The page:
Category: Environmental Stewardship

Blog author: jballor
Wednesday, September 5, 2007

The Human Fertilisation and Embryology Authority (HFEA) in the UK has given generic approval allowing “human-animal embryos to be created and used for research.” According to a Christian Science Monitor report, Evan Harris, “a lawmaker on a parliamentary committee that has oversight in this field,” says that “No scientist I have found has provided scientific reasons as opposed to religiously based ethical reasons for not proceeding,” he adds, even though his committee “looked high and low for such scientists.”

Typically the case that secular scientists make for such research is based on the necessity of the measure for their all-important research: “Stem-cell researchers say they desperately need the animal matter because not enough human eggs are available. Britain has adopted an accommodating attitude toward stem-cell science, fostering a favorable environment that scientists argue would be undermined if this latest experimentation is rejected.”

“We pride ourselves here on working in a pro-science environment,” says Stephen Minger, director of stem-cell biology at King’s College London, one of two scientists who have applied for the HFEA license. “It would be viewed as a depressing turn of events” if the application were turned down.

Anything not clearly “pro-science” in such a narrow way, like any ethic with religious foundations, is similarly understood to be archaic, obsolete, irrelevant, and reactionary.

For some such “religiously based” arguments, see my series on chimeras in five parts.

For more on how scientists and religious leaders dialogue in the public square, see Thomas M. Lessl, “The Priestly Voice,” Quarterly Journal of Speech 75, no. 2 (1989): 183-97; and this 2005 interview on science and rhetoric.

Update: Reformation21 provides a link to the “Linacre Centre Submission to the Science and Technology Committee Inquiry into Government Proposals for the Regulation of Hybrid and Chimera Embryos” (PDF). The Linacre Centre for Healthcare Ethics is a bioethics research institute under the trusteeship of the Catholic Trust for England and Wales.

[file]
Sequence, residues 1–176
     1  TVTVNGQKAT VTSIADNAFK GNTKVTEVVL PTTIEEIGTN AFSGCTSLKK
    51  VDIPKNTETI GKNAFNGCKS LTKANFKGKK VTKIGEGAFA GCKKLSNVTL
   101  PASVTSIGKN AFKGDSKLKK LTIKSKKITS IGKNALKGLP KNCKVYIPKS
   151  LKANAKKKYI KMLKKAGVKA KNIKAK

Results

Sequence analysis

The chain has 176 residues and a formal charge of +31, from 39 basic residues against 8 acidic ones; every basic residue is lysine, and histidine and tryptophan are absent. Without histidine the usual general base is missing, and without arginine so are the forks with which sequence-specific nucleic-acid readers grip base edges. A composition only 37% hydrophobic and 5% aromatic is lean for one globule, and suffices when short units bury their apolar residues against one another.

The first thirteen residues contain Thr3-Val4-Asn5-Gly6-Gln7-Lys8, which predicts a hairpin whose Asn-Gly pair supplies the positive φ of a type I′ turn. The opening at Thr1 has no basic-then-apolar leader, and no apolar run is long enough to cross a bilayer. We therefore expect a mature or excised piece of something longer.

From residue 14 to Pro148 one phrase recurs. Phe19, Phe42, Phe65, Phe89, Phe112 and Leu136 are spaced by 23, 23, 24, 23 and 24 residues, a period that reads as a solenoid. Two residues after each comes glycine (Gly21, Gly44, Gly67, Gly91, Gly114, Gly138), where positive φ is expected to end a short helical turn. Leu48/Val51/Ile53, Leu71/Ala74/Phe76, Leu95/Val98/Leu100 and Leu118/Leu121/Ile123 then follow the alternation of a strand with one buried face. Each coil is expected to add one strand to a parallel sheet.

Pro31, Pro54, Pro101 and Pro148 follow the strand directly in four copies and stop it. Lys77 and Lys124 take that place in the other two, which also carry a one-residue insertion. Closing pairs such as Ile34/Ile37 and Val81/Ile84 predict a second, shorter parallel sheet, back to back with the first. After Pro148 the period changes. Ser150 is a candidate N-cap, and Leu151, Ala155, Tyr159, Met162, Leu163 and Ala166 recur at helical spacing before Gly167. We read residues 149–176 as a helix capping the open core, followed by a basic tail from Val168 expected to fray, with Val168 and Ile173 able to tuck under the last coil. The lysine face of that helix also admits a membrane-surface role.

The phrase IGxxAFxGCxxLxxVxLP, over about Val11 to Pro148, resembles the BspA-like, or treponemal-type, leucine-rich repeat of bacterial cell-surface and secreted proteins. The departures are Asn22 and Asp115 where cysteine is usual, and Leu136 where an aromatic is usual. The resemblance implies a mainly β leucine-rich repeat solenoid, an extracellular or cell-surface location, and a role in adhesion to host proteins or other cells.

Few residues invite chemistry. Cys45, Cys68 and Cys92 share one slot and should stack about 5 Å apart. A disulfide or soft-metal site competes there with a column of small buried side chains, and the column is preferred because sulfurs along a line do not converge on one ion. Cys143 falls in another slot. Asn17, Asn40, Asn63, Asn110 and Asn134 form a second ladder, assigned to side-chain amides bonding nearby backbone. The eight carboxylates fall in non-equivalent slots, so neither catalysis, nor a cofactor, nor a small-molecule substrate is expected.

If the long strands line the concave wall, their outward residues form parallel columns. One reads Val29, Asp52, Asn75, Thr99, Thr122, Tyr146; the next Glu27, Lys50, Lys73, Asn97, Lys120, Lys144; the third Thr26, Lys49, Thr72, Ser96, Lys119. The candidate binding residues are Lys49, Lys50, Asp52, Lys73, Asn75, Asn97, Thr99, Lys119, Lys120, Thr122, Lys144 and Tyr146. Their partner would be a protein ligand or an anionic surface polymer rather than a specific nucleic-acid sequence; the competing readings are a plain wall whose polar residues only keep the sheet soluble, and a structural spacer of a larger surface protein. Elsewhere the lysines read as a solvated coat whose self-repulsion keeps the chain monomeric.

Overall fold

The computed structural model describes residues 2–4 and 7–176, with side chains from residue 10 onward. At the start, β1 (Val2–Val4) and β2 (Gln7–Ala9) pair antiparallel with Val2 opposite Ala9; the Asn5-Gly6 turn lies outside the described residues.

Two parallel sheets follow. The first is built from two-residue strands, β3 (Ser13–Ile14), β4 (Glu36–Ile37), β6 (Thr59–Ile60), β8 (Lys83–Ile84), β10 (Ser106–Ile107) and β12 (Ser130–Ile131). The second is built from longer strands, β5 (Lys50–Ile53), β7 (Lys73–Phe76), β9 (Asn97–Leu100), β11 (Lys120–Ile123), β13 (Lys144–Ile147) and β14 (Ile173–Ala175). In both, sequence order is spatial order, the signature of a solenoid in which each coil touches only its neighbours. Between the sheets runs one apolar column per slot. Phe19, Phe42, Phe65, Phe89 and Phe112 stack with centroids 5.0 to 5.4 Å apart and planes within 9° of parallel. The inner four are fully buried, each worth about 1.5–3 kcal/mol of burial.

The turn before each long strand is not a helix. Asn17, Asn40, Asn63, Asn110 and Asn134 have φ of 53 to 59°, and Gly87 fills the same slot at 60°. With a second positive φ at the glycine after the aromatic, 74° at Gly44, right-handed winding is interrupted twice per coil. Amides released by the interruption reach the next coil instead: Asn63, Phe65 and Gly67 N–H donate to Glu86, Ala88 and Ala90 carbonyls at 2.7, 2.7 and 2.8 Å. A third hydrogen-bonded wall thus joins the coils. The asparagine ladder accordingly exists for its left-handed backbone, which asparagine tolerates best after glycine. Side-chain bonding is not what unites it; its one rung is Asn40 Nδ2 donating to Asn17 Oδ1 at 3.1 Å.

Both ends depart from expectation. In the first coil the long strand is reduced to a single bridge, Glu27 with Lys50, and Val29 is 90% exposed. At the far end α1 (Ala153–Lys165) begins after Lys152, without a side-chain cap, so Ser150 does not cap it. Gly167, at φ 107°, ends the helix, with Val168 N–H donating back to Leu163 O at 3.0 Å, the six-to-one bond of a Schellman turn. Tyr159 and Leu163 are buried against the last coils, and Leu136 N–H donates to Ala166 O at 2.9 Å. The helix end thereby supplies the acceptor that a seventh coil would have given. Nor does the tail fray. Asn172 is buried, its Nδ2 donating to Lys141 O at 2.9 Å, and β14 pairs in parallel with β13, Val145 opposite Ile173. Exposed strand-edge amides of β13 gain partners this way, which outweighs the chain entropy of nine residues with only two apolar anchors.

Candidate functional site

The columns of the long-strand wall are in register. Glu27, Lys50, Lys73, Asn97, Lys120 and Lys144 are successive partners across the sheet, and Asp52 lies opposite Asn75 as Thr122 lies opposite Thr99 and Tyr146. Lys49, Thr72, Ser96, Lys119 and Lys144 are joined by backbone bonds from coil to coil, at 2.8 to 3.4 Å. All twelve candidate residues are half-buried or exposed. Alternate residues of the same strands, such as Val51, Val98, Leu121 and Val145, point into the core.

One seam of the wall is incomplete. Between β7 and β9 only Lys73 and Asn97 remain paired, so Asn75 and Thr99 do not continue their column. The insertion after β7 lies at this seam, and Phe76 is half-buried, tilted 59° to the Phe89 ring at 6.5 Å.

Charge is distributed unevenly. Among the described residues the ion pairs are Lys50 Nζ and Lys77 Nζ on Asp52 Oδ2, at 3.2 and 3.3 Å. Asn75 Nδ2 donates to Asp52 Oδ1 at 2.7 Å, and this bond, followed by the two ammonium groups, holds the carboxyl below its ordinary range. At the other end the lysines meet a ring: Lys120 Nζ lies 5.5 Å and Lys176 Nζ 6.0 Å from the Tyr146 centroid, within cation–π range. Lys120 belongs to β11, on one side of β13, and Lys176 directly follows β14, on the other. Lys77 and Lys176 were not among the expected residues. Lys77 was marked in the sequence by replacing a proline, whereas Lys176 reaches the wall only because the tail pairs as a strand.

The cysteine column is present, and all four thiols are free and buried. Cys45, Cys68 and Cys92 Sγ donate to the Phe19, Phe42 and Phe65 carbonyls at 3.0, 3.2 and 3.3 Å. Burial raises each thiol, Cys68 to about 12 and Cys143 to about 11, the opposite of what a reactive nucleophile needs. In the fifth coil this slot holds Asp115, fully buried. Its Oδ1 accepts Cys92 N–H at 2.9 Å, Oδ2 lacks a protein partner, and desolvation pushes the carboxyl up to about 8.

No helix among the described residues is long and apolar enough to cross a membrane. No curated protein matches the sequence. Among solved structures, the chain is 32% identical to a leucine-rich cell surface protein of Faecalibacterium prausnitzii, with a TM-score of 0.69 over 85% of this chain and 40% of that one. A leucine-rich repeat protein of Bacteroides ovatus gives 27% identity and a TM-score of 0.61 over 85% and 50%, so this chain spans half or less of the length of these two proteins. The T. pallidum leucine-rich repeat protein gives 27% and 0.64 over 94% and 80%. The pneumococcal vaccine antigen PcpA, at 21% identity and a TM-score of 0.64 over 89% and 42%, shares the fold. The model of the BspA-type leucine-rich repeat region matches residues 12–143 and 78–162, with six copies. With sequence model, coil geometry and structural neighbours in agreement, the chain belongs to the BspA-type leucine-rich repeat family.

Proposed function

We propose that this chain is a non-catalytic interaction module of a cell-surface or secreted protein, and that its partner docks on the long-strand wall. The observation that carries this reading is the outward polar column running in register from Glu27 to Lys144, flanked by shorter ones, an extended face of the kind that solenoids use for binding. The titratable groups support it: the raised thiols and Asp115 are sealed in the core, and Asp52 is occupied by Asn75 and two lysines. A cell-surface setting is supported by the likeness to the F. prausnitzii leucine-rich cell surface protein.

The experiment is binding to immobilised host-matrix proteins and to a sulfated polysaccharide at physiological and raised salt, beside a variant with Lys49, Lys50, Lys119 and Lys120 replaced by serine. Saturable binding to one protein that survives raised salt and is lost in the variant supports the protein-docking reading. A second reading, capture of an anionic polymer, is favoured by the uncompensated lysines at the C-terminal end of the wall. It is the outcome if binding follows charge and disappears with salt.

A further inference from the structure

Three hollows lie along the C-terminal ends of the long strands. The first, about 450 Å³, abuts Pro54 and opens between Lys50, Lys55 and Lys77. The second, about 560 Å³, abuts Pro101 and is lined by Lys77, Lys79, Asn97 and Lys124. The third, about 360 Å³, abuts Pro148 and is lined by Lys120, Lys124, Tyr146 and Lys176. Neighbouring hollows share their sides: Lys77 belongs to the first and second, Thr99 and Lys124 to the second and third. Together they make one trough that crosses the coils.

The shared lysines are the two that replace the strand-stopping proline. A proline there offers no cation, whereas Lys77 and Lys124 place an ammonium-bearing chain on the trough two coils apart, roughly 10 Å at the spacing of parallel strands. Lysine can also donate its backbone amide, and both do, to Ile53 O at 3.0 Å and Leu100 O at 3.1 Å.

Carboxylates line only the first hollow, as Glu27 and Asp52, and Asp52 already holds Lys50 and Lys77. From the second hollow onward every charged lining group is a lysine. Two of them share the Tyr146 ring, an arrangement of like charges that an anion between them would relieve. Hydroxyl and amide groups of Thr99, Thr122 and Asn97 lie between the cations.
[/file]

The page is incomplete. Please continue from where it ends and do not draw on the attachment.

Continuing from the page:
It turns out that the Chinese were really thinking ahead back in 1979 when they implemented their one child policy. After all, imagine what their carbon emissions would be today if they hadn’t:

The number of births avoided equals the entire population of the United States. Beijing says that fewer people means less demand for energy and lower emissions of heat-trapping gases from burning fossil fuels.

“This is only an illustration of the actions we have taken,” said Su Wei, a senior Foreign Ministry official heading China’s delegation to the 158-nation talks from Aug 27-31.

He told Reuters that Beijing was not arguing that its policy was a model for others to follow in a global drive to avert ever more chaotic weather patterns, droughts, floods, erosion and rising ocean levels.

But avoiding 300 million births “means we averted 1.3 billion tonnes of carbon dioxide in 2005” based on average world per capital emissions of 4.2 tonnes, he said.

Well thank goodness we dodged that bullet. The link is from Hot Air, which notes that China’s strategy is “brilliant”:

Expect more of this in the future — human rights abusers being criticized by the international community for dubious practices and parrying the thrust with an appeal to the left’s tippy-top-most social virtue.

In a somewhat similar vein, yesterday brought word that all is not well in the world of leftist activism – a conflict is brewing between animal rights activists and the climate change crowd:

According to an interesting piece that ran in yesterday’s New York Times, animal rights groups like PETA (People for the Ethical Treatment of Animals) argue that being a meat-eating environmentalist–like Al–is an oxymoron… As writer Claudia H. Deutsch points out, the groups have compelling ammo to back it up: last November the United Nations Food and Agriculture Organization released a startling report revealing that the livestock business generates more greenhouse gas emissions than all forms of transportation combined.